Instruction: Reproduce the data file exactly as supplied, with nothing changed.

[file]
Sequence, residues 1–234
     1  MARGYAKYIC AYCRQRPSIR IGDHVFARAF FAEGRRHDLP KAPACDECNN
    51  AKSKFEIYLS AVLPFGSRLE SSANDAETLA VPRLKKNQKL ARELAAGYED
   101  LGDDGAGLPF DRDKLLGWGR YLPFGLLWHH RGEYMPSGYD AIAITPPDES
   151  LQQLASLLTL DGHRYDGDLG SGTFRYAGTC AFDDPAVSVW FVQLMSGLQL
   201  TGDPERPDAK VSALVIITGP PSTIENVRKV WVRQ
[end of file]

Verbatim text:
Sequence, residues 1–234
     1  MARGYAKYIC AYCRQRPSIR IGDHVFARAF FAEGRRHDLP KAPACDECNN
    51  AKSKFEIYLS AVLPFGSRLE SSANDAETLA VPRLKKNQKL ARELAAGYED
   101  LGDDGAGLPF DRDKLLGWGR YLPFGLLWHH RGEYMPSGYD AIAITPPDES
   151  LQQLASLLTL DGHRYDGDLG SGTFRYAGTC AFDDPAVSVW FVQLMSGLQL
   201  TGDPERPDAK VSALVIITGP PSTIENVRKV WVRQ